Mon, Mar 10, 2014 - Page 7 News List

Shakira opens charity school in Colombia shanty


Lomas de Peye residents used to fear that a strong gust of wind from the Caribbean would be enough to knock down their school. Then singer Shakira came to their aid.

The pop superstar recently traveled to this shanty town in Cartagena, on Colombia’s northern coastline, to inaugurate a new 8,000m2 brick school paid for through her charity foundation.

The US$10 million school, built with funds from local and international donors and Shakira’s own money, includes a football field and enough classrooms for 1,700 students.

“Besides being a school, it is a center for community development, where we dream that at least 5,000 people can come for informal programs, sports, art, or just a gathering space,” said Patricia Sierra, director of Shakira’s charity the Shoeless Foundation.

Shakira, born Shakira Isabel Mebarak Ripoll in 1977 in the Caribbean city of Barranquilla, now lives abroad with Spanish football star Gerard Pique and rarely visits Colombia.

The new school is the sixth built by Shakira’s foundation in Colombia, a country wracked by drug violence and a lengthy civil war.

Children lined the neighborhood’s unpaved roads and stood in front of their humble wooden homes as they welcomed the singer, who arrived with her one-year-old son Milan in her arms.

“It gives me great joy to know that in this space you will have the necessary tools to become good citizens,” Shakira told the future students.

Then, in a nod to the government officials at the event, she said: “Education is not a luxury, it’s a right that society should protect and the state has a definite obligation to protect.”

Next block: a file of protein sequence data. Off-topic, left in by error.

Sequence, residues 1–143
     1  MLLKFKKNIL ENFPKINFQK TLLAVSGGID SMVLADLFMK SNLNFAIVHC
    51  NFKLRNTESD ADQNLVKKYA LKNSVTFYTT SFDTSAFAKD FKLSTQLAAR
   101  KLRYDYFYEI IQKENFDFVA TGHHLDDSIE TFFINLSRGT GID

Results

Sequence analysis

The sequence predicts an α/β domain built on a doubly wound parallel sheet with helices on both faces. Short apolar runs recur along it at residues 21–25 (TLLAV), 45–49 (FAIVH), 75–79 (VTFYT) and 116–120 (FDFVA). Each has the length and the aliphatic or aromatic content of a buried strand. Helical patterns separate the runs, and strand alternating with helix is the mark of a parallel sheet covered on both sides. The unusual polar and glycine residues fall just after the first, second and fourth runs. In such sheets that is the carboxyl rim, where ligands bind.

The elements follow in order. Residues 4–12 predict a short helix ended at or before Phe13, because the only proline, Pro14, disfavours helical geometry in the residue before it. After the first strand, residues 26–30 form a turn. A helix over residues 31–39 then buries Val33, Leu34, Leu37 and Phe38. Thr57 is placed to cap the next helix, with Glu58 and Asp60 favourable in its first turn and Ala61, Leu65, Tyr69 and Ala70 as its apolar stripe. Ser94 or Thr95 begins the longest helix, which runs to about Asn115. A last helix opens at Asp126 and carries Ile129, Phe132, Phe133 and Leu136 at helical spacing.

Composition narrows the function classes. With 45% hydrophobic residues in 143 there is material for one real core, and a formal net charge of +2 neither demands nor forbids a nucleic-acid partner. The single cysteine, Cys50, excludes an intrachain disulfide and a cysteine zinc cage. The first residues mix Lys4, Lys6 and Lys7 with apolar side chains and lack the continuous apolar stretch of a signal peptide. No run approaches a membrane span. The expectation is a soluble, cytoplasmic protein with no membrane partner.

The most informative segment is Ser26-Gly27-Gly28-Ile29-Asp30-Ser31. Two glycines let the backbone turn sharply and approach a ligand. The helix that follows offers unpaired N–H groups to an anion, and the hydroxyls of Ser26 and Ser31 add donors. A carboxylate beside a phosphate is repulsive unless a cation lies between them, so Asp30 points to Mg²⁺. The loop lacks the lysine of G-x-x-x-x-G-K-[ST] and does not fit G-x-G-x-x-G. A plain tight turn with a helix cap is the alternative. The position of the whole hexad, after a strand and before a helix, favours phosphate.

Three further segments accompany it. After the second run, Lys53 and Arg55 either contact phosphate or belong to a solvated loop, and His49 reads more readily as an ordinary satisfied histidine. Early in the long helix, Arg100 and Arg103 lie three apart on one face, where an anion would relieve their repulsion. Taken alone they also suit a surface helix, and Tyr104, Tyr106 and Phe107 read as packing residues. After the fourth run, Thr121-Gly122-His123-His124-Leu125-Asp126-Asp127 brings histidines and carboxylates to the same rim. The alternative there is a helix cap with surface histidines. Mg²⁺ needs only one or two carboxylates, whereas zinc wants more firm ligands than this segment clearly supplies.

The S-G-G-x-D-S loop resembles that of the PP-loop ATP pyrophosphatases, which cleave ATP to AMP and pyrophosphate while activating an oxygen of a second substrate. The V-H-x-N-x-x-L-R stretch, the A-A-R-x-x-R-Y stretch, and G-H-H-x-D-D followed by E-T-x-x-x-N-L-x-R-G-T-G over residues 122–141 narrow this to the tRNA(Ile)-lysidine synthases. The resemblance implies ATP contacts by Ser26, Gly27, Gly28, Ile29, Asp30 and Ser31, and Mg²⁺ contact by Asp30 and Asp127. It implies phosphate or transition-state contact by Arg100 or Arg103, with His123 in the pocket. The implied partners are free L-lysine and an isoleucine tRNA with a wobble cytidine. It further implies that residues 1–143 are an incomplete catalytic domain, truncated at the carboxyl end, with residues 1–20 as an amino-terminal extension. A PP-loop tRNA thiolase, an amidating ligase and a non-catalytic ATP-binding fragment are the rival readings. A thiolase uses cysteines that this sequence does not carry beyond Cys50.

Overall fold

Wearing the school uniform, 14-year-old Jorge Eliecer Garrido welcomed the singer and thanked her for the new school.

“Now that she’s made it big, she has the heart of a child because she feels what we feel,” he said.

Lady Zuniga, an elderly woman, said locals worried about the children’s safety in the old school, where her grandchildren studied.

“A strong wind would hit it, and we were afraid that it would knock over the building,” Zuniga said.

Shakira has long been interested in helping young people.

“At the age of six she told her mother: ‘I know that I came into the world for a mission,’” Shakira’s father, William Mebarak, said.

“Two, three, four years went by and then she said: ‘I know what my mission is: the children,’” Mebarak said.

In 1997 Shakira began the Shoeless Foundation charity, and she has since taken a hands-on role in the group.

For some residents, the new school not only represents hope for social improvement, but also an urban renewal project that will help cut down on crime.

“This neighborhood used to have a bad reputation. Very few people would dare to visit,” said Eduis Coneo Vergara, who lives in front of the new school.

“The access routes have been improved. There is now an increase in people who come here because they see that it is easier to come up and is a lot safer,” Vergara said.

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